Methods in agroforestry research across its three paradigms

  • Methods in agroforestry research have evolved along with the paradigms and scales of interest
  • For the field-level AF1 paradigm (What?, Where?, How?, Who?) methods have been derived from soils, microclimatology, forestry, agronomy and agricultural economics research, along with social science and geographical methods to describe typologies and spatial patterns
  • Methods for the landscape-level AF2 paradigm (So what?, Who cares?, Why?) have been derived from those used in hydrology, ecology and social-ecological system analysis
  • The policy-oriented AF3 paradigm requires additional methods for interaction with public attention issue cycles and boundary work

Methods, subject to scrutiny of underlying assumptions and sources of bias, define the scientific approach to knowledge more than any other aspect, but they are driven by questions and judged by the results (data) they generate and the implications these are considered to have. Agroforestry research methods are ‘horses for courses’; there is no single method that stands out across all purposes of research. Similarly, there are no research methods that are unique to agroforestry, and few that are completely new rather than modifications of something used earlier. Agroforestry research, like all applied research, has borrowed, used and sometimes improved methods from other fields – with all the hidden assumptions and potential biases these methods may have. The borrowing has not always been easy. For examples, methods from agronomic research may not be feasible with trees that take 30 years to mature. The value of method in advancing the field of agroforestry research is judged not only on credibility of results – judged, for example, by those assumptions and biases – but also their feasibility determined by cost, practicality in field conditions or ease of learning them. In this chapter we will give examples of how research methods have evolved alongside the articulation of the second (landscape) and third (policy) agroforestry paradigm (see Chapter 1), while enriching those that are used within the first (field/farm level) paradigm.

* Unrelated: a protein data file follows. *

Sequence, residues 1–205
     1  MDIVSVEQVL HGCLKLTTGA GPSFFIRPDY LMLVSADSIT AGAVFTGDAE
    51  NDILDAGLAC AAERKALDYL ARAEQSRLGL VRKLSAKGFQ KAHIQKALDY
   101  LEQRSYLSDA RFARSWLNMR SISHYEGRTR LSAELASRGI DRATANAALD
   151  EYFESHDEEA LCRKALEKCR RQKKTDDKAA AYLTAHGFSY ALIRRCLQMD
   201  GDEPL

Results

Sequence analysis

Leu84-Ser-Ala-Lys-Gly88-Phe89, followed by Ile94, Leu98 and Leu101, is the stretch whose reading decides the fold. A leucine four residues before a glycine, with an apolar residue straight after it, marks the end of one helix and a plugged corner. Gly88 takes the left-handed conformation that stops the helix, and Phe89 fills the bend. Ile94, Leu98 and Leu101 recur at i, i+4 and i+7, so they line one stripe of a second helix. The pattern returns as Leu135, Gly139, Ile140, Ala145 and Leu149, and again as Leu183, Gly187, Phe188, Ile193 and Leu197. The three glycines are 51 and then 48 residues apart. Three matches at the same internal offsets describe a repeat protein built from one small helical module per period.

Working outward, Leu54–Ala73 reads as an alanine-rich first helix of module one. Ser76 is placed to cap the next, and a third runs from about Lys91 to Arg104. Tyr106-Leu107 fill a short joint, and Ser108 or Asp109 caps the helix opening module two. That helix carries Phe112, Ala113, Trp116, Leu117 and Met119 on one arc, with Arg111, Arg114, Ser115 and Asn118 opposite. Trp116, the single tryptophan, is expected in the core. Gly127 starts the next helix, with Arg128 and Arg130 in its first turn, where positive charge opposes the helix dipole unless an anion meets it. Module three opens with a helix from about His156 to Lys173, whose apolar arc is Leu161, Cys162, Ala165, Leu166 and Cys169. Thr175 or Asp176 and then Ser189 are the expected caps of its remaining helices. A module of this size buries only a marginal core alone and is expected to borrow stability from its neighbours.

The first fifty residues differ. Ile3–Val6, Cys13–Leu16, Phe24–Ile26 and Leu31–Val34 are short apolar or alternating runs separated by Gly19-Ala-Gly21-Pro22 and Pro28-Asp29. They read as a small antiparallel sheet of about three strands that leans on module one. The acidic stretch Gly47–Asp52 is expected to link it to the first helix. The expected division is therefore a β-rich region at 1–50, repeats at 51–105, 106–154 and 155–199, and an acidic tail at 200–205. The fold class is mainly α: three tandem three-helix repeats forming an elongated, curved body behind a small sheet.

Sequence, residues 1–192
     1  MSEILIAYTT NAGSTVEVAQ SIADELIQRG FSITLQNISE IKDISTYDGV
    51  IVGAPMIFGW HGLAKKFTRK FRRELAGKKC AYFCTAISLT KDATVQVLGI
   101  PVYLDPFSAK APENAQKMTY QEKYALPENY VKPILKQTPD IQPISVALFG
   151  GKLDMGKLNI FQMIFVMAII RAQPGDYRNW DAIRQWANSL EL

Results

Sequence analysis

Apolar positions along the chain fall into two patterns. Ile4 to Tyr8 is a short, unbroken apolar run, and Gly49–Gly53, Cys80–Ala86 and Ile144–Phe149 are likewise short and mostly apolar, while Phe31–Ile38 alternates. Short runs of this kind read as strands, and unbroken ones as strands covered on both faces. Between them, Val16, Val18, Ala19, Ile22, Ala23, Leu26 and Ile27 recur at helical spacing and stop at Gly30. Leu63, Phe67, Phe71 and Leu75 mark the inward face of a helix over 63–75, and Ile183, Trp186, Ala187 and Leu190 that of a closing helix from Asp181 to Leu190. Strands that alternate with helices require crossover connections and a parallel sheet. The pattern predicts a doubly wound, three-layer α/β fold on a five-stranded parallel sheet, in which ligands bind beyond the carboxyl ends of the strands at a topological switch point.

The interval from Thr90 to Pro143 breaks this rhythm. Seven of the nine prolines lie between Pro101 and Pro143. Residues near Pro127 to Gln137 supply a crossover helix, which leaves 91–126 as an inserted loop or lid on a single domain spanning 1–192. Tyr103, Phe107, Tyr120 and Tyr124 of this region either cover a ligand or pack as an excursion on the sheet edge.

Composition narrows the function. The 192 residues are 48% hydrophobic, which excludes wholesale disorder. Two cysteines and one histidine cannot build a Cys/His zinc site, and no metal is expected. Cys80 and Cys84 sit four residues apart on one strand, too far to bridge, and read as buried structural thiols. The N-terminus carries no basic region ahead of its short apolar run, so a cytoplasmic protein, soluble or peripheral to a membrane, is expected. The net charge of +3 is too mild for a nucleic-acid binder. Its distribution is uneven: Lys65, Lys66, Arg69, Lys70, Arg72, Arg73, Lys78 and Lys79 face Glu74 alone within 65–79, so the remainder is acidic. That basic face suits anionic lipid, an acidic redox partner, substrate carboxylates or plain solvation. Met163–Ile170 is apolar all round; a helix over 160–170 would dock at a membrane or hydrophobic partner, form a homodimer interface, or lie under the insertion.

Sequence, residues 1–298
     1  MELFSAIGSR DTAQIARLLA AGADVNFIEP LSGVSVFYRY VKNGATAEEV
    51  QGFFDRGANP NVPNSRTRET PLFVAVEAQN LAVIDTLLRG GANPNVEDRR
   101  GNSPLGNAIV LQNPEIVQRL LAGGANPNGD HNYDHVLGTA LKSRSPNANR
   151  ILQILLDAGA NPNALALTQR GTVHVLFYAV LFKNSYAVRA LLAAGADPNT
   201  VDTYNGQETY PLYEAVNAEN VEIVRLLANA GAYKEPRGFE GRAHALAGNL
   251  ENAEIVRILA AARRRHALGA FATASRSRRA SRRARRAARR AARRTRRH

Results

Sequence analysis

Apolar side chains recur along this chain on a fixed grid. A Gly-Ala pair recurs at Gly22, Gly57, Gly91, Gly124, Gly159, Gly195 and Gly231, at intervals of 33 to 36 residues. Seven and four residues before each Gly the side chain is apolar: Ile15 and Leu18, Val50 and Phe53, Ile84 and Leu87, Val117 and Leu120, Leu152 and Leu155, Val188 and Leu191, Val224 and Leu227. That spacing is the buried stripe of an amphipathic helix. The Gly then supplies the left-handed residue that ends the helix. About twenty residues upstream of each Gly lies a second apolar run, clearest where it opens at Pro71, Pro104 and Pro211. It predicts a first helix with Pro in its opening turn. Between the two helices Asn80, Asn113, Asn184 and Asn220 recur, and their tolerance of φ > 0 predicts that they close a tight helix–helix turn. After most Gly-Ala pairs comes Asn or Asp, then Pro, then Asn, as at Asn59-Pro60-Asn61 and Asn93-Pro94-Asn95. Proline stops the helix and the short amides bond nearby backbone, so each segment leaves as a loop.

Research questions at the AF1 scale are primarily those about what? (agroforestry typology, tree diversity), where? (spatial context, including climate, topography, soils, accessibility), how? (understanding of growth, yield and plot-level interactions between trees and crops in relation to inputs and management) and who? (farmer typology). At AF2 level three additional questions are asked: So what? (Ecosystem service consequences), Who cares? (Stakeholders and their involvement) and Why? (Drivers of change, points of leverage and intervention). At AF3 level the last two questions are further enriched with a ‘public attention issue cycle’ concept with its own dynamic and points of intervention and learning.

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